Thursday, 16 November 2017

November 17 2017
German Cinema Melbourne - 17-25 November
Latino Film Festival - 16-29 Nov

The quantity of pre-festival viewing has reached overload proportions and I seem to have consequently missed a couple of other latest releases. There's only so many films a person can fit into a week! Hopefully I'll bring them to you in the coming weeks. Nevertheless, this week's release Lucky is a total winner, while two new festivals promise plenty of delights. 

Director: John Carroll Lynch
Length: 88 min
© Umbrella - philosophical, poignant, beautiful
To steal from the press material,  Lucky is at once "a love letter to the life and career of Harry Dean Stanton, as
well as a meditation on mortality, loneliness, spirituality, and human connection." I couldn't have put it better myself. This is one of those standout pieces of film-making that will possibly make my top films of 2017! It is HDS's last film before he died, so very pertinent and, according to the screenwriter, written with Harry in mind. Lucky is a 90-something taciturn bloke, who chain-smokes, still exercises, and is viewed fondly by the folk of his Arizona town despite his lack of social graces. Lucky's nihilistic, existential approach to life changes a little as some low-key connections with others start to happen. It's hard to verbalise ideas about a film like this; it's best to let it sink in at some subliminal emotional level and speak to your own views on the deeper issues of life, death and nothingness! I adore the simplicity, sparseness, humour and poignancy of this film and Stanton's performance is a winner - a truly fitting finale! 
4.5 - wholeheartedly recommended!

German Cinema Melbourne
17th-25th November
Venue: Backlot Studios

After the demise of the former German Film Festival, and the dire threat of no more German films being showcased, a brave team got together to launch a new German film festival. Peter Krausz, artistic director, has chosen some mighty fine films for us to enjoy. I can highly recommend the two I've already previewed.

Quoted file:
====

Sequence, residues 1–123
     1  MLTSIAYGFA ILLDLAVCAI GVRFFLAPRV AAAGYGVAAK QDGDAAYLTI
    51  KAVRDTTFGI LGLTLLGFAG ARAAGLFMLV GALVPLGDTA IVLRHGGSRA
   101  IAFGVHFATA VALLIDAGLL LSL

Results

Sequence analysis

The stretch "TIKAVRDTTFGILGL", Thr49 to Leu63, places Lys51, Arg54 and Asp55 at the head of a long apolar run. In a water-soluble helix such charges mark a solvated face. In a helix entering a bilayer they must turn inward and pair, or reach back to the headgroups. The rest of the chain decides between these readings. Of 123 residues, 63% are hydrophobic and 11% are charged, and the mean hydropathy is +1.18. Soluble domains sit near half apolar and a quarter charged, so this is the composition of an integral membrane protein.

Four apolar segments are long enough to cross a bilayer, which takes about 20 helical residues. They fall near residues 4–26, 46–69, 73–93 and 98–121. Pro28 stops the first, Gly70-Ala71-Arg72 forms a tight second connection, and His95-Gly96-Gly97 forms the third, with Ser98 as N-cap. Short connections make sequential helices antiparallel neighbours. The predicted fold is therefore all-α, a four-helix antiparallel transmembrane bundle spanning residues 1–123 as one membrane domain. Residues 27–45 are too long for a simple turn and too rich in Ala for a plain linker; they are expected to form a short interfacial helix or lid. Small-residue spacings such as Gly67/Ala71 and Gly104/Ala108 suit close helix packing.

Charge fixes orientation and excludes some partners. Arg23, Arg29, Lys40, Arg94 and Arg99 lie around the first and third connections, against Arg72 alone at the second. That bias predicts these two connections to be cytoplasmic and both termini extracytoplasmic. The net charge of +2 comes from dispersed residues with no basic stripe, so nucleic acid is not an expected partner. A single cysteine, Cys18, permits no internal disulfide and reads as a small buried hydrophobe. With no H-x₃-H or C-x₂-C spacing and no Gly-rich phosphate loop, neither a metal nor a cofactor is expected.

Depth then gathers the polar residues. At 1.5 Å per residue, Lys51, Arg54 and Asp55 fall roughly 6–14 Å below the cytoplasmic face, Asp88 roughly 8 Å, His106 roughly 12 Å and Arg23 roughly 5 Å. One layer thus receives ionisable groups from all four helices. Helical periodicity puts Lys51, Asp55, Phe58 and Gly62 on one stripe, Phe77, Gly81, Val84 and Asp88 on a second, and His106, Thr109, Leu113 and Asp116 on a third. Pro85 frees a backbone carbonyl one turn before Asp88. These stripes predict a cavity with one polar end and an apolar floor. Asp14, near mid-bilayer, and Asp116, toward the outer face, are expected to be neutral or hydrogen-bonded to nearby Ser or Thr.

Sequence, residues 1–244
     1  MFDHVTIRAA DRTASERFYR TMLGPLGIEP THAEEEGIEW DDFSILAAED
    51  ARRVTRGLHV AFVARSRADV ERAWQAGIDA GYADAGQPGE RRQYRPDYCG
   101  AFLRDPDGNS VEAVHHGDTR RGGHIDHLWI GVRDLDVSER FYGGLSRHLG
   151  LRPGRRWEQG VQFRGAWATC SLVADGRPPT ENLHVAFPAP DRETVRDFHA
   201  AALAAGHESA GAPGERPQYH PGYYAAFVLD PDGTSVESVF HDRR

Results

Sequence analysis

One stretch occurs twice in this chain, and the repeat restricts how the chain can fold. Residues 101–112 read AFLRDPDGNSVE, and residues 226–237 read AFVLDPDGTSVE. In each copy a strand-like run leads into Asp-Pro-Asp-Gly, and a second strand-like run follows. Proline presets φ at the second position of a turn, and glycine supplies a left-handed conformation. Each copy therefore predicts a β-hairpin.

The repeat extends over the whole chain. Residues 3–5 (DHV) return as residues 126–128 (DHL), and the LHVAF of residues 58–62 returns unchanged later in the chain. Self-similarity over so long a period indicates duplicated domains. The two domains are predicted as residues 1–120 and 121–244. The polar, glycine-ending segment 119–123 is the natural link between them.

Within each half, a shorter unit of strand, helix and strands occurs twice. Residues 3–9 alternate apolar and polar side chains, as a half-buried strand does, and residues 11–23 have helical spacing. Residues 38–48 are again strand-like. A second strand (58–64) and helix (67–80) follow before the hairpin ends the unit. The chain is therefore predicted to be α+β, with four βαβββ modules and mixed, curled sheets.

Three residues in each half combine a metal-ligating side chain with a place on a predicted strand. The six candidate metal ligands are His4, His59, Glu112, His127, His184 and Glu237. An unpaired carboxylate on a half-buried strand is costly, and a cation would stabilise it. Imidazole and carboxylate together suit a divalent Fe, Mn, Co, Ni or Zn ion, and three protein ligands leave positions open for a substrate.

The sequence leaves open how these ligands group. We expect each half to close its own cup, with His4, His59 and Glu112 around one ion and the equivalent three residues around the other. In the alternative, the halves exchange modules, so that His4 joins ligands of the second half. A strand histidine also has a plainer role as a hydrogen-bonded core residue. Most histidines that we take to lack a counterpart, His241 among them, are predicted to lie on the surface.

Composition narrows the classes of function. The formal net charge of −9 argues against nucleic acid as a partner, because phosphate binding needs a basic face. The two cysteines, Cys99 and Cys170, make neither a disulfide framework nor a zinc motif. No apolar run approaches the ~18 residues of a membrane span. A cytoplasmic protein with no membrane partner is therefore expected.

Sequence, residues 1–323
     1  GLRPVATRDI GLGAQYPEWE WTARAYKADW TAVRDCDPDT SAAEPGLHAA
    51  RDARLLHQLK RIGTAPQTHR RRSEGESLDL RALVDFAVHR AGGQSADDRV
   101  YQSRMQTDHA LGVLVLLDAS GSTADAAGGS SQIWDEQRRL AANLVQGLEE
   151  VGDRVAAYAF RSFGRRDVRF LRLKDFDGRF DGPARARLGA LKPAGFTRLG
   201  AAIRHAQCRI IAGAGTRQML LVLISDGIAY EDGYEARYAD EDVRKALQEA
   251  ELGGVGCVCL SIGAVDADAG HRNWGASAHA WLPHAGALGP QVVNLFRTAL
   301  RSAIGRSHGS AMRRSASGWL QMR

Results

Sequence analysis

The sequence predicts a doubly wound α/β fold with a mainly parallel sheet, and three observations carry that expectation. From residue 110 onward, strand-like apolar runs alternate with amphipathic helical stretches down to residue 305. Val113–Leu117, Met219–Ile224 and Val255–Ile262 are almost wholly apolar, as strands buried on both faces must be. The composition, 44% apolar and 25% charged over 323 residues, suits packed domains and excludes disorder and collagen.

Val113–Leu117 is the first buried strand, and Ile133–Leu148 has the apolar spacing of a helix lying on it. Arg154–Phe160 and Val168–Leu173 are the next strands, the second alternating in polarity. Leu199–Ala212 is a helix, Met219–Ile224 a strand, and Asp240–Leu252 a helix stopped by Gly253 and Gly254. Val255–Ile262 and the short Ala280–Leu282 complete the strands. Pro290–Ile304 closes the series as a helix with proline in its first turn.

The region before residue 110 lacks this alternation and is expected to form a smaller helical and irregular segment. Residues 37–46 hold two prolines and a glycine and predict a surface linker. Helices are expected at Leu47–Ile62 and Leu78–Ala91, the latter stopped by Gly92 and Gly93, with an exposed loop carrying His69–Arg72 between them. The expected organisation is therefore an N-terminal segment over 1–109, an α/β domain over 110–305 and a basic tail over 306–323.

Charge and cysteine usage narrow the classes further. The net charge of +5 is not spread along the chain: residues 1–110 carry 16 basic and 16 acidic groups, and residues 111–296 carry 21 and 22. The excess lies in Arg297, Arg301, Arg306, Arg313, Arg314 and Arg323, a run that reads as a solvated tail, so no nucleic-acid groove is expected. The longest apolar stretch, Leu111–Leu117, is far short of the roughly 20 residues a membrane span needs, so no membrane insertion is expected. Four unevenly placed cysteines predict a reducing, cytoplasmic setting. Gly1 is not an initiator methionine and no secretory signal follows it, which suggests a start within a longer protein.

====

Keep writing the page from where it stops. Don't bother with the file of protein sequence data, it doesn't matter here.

Berlin Falling
Director: Ken Duken
Length: 91 min
This taut thriller will get you in from go to woe. Frank, a returned soldier, is in an emotional mess after a stint in Afghanistan. Travelling to Berlin to meet his family, he picks up a hitchhiker, Andreas. The freeloader is not what he seems, and the whole thing turns into a nightmare. With alarming resonance for recent terror attacks in Europe (and Berlin), this is a top notch, edge of your seat film.

Fritz Lang
Director: Gordian Maugg
Length: 104 min 
© German CM: Heino Ferch is a great Lang
This innovative and excellent opening night film centres upon the iconic German filmmaker Fritz Lang, and his filming of the 1930 movie M, partly inspired by a real life serial killer of the time. This is extraordinary film-making, with the whole being shot in monochrome, using a 4:3 ratio, so that clips from Lang's actual films, along with archival footage of the times, can be seamlessly incorporated into the whole. It's a fascinating insight into an era, and a film-maker's inspirations and obsessions. 

All up 11 films will screen, along with events, music, panel discussions, and of course parties! 
For further details visit:

Latino Film Festival
16-29 November Melbourne 
Venue: Palace Como, Palace Westgarth
See website for other states. 

This festival brings you films from all over the Latin American world: Venezuela, Mexico, Cuba, Brazil, Colombia, Ecuador, Peru, Uruguay and Argentina. With 26 films, a Mexican fiesta, and special Argentinian night, there is mucho to choose from.  

Desert Bride
Dir: Cecilia Atan & Valeria Pivato
78 mins
© Palace -a warm and unassuming film
Paulina Garcia (who you may have seen in Gloria) plays Theresa, a woman who has worked as a maid for one family for 30 years of her life. While travelling to another post, she mislays her baggage and kindly market vendor  Gringo (Claudio Rissi) offers to drive her on the hunt for it. This gentle film delicately looks at issues of love, change and aging, and somehow its short runtime still allows it to explore its themes in a way that resonates with you long after the film is over.

At the End of the Tunnel
Dir: Rodrigo Grande
120 mins
© Palace -tension plus
This is the sort of heist film I wish there were more of. Joaquin is a grumpy widower, wheelchair bound after an accident that killed his wife and child. When a young boarder and her mute child move in, Joaquin gets a new lease on life, until he discovers, via a bit of eavesdropping and a secret camera, that a gang of crims are in the flat next door, tunneling under the building and plotting a bank robbery. The nail-biting tension rarely lets up for a moment in this exciting, at times, claustrophobic film. 

For further details, film synopses, times and ticketing visit:

No comments:

Post a Comment